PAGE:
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Open AccessArticle

Does an Age-Specific Treatment Program Augment the Efficacy of a Cognitive-Behavioral Weight Loss Program in Adolescence and Young Adulthood? Results from a Controlled Study

Department of Psychology, University of Potsdam, Karl-Liebknecht-Str. 24–25, 14476 Potsdam, Germany
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Nutrients 2019, 11(9), 2053; https://doi.org/10.3390/nu11092053
Received: 30 July 2019 / Revised: 22 August 2019 / Accepted: 23 August 2019 / Published: 2 September 2019
(This article belongs to the Special Issue Dietary Intake and Eating Behavior in Children)
Research on weight-loss interventions in emerging adulthood is warranted. Therefore, a cognitive-behavioral group treatment (CBT), including development-specific topics for adolescents and young adults with obesity (YOUTH), was developed. In a controlled study, we compared the efficacy of this age-specific CBT group intervention to an age-unspecific CBT group delivered across ages in an inpatient setting. The primary outcome was body mass index standard deviation score (BMI-SDS) over the course of one year; secondary outcomes were health-related and disease-specific quality of life (QoL). 266 participants aged 16 to 21 years (65% females) were randomized. Intention-to-treat (ITT) and per-protocol analyses (PPA) were performed. For both group interventions, we observed significant and clinically relevant improvements in BMI-SDS and QoL over the course of time with small to large effect sizes. Contrary to our hypothesis, the age-specific intervention was not superior to the age-unspecific CBT-approach. View Full-Text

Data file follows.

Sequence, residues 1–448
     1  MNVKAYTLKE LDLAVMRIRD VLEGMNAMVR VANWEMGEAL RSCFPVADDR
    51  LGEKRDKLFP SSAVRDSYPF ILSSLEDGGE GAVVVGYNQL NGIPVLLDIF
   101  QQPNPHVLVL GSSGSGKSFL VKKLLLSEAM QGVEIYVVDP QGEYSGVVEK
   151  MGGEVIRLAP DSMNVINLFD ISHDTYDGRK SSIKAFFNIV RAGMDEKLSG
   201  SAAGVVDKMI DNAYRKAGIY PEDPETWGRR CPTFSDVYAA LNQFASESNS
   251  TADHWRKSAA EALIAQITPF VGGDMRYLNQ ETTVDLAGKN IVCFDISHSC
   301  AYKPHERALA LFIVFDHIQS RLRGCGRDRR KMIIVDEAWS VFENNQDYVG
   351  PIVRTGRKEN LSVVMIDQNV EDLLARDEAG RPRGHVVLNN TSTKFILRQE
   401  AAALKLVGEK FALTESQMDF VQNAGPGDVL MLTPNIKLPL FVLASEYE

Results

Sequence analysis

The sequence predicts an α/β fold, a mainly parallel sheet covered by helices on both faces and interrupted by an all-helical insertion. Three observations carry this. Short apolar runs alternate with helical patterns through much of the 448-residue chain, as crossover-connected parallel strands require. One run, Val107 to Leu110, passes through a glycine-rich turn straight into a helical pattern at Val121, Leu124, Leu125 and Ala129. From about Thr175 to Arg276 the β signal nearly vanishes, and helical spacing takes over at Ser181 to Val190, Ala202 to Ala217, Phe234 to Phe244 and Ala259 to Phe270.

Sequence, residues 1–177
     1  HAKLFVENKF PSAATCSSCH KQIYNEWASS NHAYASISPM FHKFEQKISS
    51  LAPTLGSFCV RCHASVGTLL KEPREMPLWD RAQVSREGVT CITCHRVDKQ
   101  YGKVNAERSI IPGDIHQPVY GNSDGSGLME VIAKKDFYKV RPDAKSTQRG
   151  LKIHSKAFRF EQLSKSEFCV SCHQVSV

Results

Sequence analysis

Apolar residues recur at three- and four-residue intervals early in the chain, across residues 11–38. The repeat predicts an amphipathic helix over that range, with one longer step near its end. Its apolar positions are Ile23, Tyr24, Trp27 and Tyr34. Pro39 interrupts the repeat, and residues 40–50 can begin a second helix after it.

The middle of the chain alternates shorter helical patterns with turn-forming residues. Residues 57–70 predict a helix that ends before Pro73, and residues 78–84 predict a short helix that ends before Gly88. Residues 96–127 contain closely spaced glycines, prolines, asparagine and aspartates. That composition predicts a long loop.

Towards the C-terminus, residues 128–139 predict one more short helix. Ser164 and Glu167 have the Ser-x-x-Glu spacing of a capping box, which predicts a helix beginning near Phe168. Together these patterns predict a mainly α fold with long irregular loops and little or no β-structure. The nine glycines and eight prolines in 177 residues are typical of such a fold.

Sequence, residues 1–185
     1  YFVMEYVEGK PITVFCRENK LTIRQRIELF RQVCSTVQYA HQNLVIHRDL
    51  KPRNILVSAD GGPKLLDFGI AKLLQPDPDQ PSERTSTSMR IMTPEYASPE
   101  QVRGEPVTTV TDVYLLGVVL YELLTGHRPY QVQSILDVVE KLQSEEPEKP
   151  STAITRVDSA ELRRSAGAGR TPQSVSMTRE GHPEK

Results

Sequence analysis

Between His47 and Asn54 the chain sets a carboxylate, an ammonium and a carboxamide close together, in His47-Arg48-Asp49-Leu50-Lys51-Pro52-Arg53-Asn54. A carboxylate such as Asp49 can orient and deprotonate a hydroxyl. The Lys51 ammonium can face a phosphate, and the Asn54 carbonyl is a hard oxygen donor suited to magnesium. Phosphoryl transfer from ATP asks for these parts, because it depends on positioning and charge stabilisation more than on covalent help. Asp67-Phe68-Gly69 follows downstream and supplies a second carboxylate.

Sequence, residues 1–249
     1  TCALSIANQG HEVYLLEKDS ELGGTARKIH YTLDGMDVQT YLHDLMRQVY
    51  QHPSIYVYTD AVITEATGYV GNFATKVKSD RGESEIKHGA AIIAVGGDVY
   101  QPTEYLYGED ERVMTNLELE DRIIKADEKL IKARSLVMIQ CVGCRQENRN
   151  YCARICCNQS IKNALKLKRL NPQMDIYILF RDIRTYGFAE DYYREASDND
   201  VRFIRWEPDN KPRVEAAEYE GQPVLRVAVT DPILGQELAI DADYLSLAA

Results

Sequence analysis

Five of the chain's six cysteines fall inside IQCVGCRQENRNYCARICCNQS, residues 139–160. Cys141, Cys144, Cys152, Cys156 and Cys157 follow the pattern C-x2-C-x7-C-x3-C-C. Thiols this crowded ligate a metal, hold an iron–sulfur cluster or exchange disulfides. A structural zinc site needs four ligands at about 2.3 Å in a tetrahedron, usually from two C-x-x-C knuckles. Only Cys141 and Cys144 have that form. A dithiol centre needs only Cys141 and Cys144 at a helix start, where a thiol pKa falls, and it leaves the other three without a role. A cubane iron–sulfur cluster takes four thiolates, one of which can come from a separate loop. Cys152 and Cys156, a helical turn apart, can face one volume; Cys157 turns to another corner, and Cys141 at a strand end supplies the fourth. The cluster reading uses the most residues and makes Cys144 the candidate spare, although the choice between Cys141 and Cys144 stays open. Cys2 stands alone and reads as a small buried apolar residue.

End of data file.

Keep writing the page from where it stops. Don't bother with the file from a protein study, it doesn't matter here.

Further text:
Keywords: emerging adults; adolescents; behavioral weight loss; obesity; controlled trial; quality of life emerging adults; adolescents; behavioral weight loss; obesity; controlled trial; quality of life
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Warschburger, P.; Zitzmann, J. Does an Age-Specific Treatment Program Augment the Efficacy of a Cognitive-Behavioral Weight Loss Program in Adolescence and Young Adulthood? Results from a Controlled Study. Nutrients 2019, 11, 2053.

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